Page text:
Women in Latin America

Women in Latin America have not always enjoyed equal rights to the men in their society. In the past, women were expected take care of children and home rather than work, and were far less educated than men. Living in a largely patriarchal and very religious society where traditions were observed without question meant that gender discrimination was considered the natural way of the world. The second half of the 20th century brought significant changes, at least in formal recognition of women's rights. There were many feminist movements and other non-governmental organizations that called for passing laws against discrimination and those demands have been taken into account. By the beginning of the 21st century there was not a single country in Latin America that had not formally granted women equal rights to men. The problem was that in most cases the changes have appeared in paper only, whereas the real situation is very different.

It is difficult to generalize because of the great variety of political systems, social policies and legislation that each country has. Still, several common trends stand out. The first one is the relatively high maternal mortality rate and problems caused by medical complications after abortions. The practice is against the law in most Latin American countries. Therefore, women resort to illegal abortions, which are often performed in life-threatening conditions. The second tendency that nearly all Latin American countries share is the pay inequality for women and men. The U.N. Economic Commission for Latin America and the Caribbean (ECLAC) reports that in the region, the poverty rate is 1.15 times higher among women than men. The difference is especially obvious in Panama (1.37), Costa Rica (1.3), the Dominican Republic (1.25), Chile (1.24) and Uruguay (1.21). According to the regional United Nations agency, female professionals in Brazil and Mexico earn half of what their male colleagues do; in Uruguay, Chile and Costa Rica the gap is between 30 and 40 percent; and in the whole region, where 200 million people are poor, 85 million women have no income of their own.

A more detailed look in some Latin American countries would reveal interesting facts. In Venezuela, total equality and social, political and economic rights for all citizens are guaranteed under the constitution. Women, especially the lower classes, provided a significant base of support for President Hugo Chavez. His policies in adult education, free healthcare and dental treatment, and care for women who have suffered domestic violence were part of his appeal. The Venezuelan constitution is the only one in Latin America that recognizes housework as an economically productive activity and entitles housewives to social security benefits.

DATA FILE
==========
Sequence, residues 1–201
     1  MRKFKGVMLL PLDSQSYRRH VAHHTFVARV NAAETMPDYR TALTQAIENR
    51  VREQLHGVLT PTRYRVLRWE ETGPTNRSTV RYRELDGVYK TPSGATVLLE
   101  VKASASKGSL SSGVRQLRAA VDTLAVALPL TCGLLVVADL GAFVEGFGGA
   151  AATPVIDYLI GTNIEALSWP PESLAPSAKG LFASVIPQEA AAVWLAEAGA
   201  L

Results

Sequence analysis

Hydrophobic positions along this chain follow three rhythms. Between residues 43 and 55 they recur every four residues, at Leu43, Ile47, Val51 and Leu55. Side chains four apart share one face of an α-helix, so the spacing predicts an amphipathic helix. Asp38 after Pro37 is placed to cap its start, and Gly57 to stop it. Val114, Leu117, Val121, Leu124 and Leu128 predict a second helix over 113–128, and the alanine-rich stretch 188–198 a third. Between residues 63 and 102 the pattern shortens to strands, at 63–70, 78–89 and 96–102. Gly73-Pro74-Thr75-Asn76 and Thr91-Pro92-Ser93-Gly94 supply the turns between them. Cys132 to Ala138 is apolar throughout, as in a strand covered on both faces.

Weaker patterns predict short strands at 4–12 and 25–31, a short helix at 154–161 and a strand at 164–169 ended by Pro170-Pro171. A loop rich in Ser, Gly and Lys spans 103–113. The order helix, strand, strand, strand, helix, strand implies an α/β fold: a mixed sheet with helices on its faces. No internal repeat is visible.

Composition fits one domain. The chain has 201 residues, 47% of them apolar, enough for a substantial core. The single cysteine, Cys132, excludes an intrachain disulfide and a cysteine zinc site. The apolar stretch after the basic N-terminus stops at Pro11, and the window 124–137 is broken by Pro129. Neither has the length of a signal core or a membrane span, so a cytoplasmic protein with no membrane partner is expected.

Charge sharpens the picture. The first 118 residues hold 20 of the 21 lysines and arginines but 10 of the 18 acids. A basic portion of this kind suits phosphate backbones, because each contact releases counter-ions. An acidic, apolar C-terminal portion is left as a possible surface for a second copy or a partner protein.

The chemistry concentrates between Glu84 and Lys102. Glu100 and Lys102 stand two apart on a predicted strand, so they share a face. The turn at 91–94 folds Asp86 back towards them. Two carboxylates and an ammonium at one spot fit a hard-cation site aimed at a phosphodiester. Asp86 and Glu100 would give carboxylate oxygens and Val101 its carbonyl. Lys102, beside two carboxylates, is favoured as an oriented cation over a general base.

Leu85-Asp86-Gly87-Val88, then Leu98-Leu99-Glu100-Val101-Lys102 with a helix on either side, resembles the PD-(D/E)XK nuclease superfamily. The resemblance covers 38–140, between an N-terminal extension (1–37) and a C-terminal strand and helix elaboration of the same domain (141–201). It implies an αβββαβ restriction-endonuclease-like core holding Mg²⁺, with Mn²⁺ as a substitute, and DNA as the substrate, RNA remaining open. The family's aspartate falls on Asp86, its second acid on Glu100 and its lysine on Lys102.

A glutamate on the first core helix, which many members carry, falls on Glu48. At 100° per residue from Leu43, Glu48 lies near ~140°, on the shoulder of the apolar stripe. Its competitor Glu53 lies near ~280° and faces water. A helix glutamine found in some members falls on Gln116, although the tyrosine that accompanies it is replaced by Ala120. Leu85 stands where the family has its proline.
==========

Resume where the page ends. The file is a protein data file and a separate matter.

In Bolivia in 2010 President Evo Morales named a cabinet made up of 10 women and 10 men — a gender parity for which the only precedent in the region was the Chilean government of former President Michelle Bachelet, who also named a cabinet of equal numbers of men and women in 2006. Moreover, the Bolivian constitution stipulated that the government must be democratic, participative and representative, with "equal conditions between men and women." The constitution also prohibits and orders penalties for any discrimination on the basis of gender, sexual orientation or gender identity. Despite that, abortion is illegal except for victims of sexual assault or to prevent a life-threatening pregnancy. In fact, Bolivia has one of the highest abortion rates in the world with up to 80,000 procedures carried out annually, according to the UN. There are more than a dozen clinics across the country which perform abortions in relatively safe conditions but the average $150 fee is prohibitive to most women and many turn to alternative methods, resulting in at least one death a day.

Even though in theory women's rights are fully protected in Latin America, the major problems come from ineffective enforcement of the law. A report by the Inter-American Institute of Human Rights found legislative advances to equality but pointed out that limited budgeting of the agencies responsible for applying the laws is a major drawback.

Women in Latin America: Selected full-text books and articles

Political Power and Women's Representation in Latin America By Leslie A. Schwindt-Bayer Oxford University Press, 2010
Twisted Roots: The Historical and Cultural Influences That Shaped Latin America By Carlos Alberto Montaner; Louis Aguilar; Marilú Del Toro Algora, 2003
Librarian's tip: Chap. 4 "Sex, Sexism, and Gender Roles"
"New Politics" in Latin America and the Caribbean: A Renewed Threat to Women By Martinez, Sandra Castaneda Women in Action, No. 3, December 2009
Violence against Women in Latin America: Is It Getting Worse? By Llana, Sara Miller The Christian Science Monitor, November 20, 2012
Latin America: Development and Conflict since 1945 By John Ward Routledge, 2004 (2nd edition)
Librarian's tip: Chap. 7 "Women"
Women in Latin America Opportunity through Education By Ladika, Susan International Educator, Vol. 20, No. 2, March/April 2011
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